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Derby surveyors homebuyers survey of a 1933 semi detached house.
Our home buyers surveyors found structural movement in several places due to initial foundation settlement, uneven floors due to failure to compact the base, water penetration and dampness, old electrics, evidence of rats in the roof void, conversion of a former outhouse into a kitchen extension, a number of removed internal walls, and disintegrating concrete on a homebuyers survey and report of this Derby semi detached house
Typical 1930's semi-detached house with rendered first floor to save money on facing bricks. Although it cannot be seen from the photograph the heavy gable end has caused by window bays to settle slightly in relation to the main house.
Note the tall slender chimney. This will be relatively unstable and need to be carefully maintained. The blank wall of the mono pitched roof part of the property is an indication that the kitchen has been extended into a former outhouse.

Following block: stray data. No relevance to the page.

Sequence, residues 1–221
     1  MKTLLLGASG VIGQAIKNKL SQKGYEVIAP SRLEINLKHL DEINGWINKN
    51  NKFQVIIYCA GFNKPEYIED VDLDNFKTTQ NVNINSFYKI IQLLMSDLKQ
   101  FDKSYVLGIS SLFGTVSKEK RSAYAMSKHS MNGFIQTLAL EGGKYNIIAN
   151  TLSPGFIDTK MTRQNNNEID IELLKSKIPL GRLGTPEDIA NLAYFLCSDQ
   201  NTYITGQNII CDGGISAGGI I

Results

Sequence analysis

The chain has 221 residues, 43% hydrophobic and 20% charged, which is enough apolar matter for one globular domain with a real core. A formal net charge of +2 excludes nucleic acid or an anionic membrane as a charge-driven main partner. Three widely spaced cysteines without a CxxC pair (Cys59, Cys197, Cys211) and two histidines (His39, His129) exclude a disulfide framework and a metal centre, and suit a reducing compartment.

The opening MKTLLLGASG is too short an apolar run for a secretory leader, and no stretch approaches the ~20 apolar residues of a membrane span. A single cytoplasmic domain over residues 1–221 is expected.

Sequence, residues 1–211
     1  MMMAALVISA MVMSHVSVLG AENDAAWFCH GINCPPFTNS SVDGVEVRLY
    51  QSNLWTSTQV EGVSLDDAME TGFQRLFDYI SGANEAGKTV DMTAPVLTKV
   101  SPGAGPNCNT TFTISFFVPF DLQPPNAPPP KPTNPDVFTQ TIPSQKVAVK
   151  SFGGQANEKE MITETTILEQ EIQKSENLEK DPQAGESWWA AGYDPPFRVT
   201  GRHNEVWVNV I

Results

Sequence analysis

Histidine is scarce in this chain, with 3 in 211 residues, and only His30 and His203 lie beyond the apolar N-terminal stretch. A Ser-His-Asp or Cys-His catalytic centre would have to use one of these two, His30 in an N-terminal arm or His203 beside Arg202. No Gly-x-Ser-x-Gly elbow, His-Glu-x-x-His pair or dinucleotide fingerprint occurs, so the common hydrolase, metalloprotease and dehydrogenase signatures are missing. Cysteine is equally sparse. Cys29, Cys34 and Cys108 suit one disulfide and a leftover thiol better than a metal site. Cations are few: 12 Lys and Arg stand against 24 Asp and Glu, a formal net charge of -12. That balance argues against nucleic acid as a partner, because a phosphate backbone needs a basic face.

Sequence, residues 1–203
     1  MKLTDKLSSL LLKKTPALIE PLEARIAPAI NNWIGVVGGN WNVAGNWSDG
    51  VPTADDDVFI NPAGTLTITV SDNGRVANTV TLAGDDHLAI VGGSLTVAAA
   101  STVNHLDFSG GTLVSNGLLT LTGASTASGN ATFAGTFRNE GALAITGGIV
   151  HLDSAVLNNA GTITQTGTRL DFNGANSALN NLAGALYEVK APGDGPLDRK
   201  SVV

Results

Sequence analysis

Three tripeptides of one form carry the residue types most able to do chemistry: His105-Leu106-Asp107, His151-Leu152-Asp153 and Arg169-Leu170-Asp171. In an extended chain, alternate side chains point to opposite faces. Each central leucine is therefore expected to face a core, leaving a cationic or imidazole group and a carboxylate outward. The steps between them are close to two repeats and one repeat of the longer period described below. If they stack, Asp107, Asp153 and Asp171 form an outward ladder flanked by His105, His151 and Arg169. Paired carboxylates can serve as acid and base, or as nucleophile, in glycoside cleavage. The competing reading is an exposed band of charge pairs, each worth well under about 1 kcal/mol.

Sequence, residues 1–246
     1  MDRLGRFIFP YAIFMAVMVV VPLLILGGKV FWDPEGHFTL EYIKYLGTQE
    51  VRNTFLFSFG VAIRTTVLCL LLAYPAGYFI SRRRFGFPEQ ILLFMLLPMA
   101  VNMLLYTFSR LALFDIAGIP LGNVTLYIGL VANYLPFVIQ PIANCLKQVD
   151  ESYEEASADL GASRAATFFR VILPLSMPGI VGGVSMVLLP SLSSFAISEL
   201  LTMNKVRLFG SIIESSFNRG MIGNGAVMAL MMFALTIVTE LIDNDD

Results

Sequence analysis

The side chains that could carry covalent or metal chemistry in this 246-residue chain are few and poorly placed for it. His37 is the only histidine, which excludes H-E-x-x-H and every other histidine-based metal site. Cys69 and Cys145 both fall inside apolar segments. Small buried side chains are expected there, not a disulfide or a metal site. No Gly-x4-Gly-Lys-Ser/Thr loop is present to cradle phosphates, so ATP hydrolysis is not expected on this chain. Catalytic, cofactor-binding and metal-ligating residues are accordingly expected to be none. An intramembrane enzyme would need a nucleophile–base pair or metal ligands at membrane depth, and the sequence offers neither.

Blocked door of a former toilet or coal store that is now a kitchen extension.
Fracturing and slight collapse of the arch above the front door is a very common failure on 1930's properties. Fortunately it is seldom a serious problem because as the arch fails the bricks jam together effectively repairing its self.
Evidence of water damage due to either condensation or perhaps water penetration through the cracks as they face the prevailing wind
The door step is fractured and sags towards the left which would be consistent with the arch failing due to settlement of the front corner of the property
1970's or so fuse box. The rewirable fuses have been repalced with coruit breakes. There is however no RCS protection against an escape of current should a fault develop or the cables be damaged
Damp stains. In this instance likely to be caued by condenation as they are in the corner of a poorly vented cupboard.
The surface of the sags by the steel support and also slopes to the left. Likely to be caused by slumping of either the concrete or base due to poor compaction
As the window opens it obstructs the opening making escape difficult. .
The droppings are likely to belong to a rat. They are common in roof voids crawling up the interior of cavity walls or conduits
The vertical fracturs of the column are due to the reinforcing corroding and exanding which force the concrete off.
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